The last official practice day of Camp before the big scrimmage at Fan Fest on Saturday. The teams were still in their lines and went through different plays drawn up by the coaches on the whiteboards. Some of the players, like Liam O’Brien, stayed on the ice after everyone left to practice their slap shots into an empty net. I mostly concentrated on getting pictures with the players. I knew that this would be my last opportunity to get pictures with them , because tomorrow will be insane with thousands of people at Kettler for Fan Fest.

Saturday July 11:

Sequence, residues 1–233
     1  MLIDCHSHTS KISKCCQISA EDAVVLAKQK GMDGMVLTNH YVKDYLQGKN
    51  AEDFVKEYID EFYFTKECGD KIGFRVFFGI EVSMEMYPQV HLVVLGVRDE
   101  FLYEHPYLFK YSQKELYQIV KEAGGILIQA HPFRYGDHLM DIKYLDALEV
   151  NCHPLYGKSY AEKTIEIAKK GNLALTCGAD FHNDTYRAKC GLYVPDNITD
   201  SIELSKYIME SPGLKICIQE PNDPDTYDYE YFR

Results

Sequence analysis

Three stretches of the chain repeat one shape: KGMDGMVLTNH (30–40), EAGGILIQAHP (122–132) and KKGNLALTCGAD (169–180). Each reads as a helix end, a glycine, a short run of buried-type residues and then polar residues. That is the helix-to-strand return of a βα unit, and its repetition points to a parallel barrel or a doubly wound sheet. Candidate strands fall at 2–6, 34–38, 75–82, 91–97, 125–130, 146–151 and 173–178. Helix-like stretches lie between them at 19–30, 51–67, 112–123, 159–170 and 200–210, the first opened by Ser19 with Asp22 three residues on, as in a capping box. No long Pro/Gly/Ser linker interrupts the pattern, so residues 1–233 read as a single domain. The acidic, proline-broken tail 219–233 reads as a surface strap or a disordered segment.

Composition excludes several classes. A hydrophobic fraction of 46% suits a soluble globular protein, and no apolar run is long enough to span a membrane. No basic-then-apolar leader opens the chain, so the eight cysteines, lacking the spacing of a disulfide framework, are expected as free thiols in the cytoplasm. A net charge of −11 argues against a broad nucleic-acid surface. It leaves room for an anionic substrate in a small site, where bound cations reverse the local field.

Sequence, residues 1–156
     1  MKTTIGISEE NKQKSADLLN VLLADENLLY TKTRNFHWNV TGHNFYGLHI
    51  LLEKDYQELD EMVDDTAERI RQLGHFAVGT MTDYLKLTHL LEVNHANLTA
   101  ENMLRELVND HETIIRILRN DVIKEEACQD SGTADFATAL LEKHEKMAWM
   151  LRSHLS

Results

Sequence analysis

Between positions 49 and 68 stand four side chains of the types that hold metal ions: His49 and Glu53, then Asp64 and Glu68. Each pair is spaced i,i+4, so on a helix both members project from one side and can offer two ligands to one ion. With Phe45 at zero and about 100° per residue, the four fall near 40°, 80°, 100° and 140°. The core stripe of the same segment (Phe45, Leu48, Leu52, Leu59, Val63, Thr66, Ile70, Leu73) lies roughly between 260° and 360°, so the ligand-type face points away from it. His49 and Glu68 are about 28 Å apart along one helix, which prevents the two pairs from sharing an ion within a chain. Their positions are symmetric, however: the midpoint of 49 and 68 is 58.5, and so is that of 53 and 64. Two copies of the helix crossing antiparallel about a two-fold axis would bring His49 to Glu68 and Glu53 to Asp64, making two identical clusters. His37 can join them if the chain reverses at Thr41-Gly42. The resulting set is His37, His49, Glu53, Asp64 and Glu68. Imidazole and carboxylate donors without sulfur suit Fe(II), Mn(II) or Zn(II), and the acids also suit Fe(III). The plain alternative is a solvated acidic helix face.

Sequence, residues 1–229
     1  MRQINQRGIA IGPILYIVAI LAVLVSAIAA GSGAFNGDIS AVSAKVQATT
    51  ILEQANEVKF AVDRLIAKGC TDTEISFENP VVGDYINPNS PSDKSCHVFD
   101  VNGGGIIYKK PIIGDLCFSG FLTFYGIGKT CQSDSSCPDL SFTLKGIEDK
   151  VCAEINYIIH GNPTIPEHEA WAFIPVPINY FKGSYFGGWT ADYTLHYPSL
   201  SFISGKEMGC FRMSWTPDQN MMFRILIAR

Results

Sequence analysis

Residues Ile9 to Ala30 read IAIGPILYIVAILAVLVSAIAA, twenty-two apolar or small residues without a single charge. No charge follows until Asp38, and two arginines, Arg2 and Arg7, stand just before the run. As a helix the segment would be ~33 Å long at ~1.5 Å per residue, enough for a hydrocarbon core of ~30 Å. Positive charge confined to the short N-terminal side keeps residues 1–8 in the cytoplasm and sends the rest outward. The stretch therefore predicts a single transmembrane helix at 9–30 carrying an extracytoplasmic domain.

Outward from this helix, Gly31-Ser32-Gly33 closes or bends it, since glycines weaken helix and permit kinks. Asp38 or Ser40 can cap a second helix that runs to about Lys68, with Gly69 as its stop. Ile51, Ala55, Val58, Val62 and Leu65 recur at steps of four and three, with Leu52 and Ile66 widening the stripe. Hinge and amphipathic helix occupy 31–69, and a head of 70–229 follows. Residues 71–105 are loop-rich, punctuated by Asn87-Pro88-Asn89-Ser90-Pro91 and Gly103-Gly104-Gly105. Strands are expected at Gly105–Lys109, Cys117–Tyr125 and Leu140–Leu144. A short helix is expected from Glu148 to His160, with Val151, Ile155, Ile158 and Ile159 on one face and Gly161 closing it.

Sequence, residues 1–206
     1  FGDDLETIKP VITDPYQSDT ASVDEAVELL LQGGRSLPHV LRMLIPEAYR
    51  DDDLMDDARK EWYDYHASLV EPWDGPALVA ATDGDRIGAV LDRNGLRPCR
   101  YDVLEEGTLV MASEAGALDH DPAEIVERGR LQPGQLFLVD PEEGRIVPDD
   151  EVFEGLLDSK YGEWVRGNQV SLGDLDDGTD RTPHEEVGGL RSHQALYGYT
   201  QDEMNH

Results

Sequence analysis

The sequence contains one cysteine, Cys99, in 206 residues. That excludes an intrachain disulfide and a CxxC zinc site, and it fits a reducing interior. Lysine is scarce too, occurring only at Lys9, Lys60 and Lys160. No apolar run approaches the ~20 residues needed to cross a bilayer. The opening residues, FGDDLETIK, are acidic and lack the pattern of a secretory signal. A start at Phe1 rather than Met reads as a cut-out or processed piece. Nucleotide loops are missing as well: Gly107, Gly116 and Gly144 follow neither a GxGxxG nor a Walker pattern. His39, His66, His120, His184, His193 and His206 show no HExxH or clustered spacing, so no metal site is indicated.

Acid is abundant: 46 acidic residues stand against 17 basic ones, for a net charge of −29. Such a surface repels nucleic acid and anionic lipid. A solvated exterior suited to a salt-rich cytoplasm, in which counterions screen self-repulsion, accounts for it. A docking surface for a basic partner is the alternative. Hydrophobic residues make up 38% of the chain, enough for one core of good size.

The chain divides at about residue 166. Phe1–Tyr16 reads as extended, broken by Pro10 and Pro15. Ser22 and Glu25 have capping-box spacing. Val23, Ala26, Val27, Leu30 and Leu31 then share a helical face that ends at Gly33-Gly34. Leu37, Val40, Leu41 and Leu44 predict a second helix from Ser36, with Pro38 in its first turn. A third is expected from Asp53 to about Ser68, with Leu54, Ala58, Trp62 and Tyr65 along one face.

Today is the high point of Development Camp with the Fan Fest experience that had activities  for the kids, equipment sales, autograph session with newly traded TJ Oshie and some of the prospects, different vendors ( Caps Fan Club ( , Wizards, Panda Parking, and Dunkin Donuts), and the intrasquad scrimmage.  Twenty five hundred people, about ten times the amount of people that were at practice on Tuesday, came to Kettler to have fun and watch some future Capitals. The appearance of Slap shot and Wes Johnson, the public announcer of Capitals games, got everyone even more excited for the day. It started early by getting in line for the popular equipment sale – the one opportunity to get game worn gloves, skates and sticks of the players, and also T – shirts, name plates, pucks, and jerseys.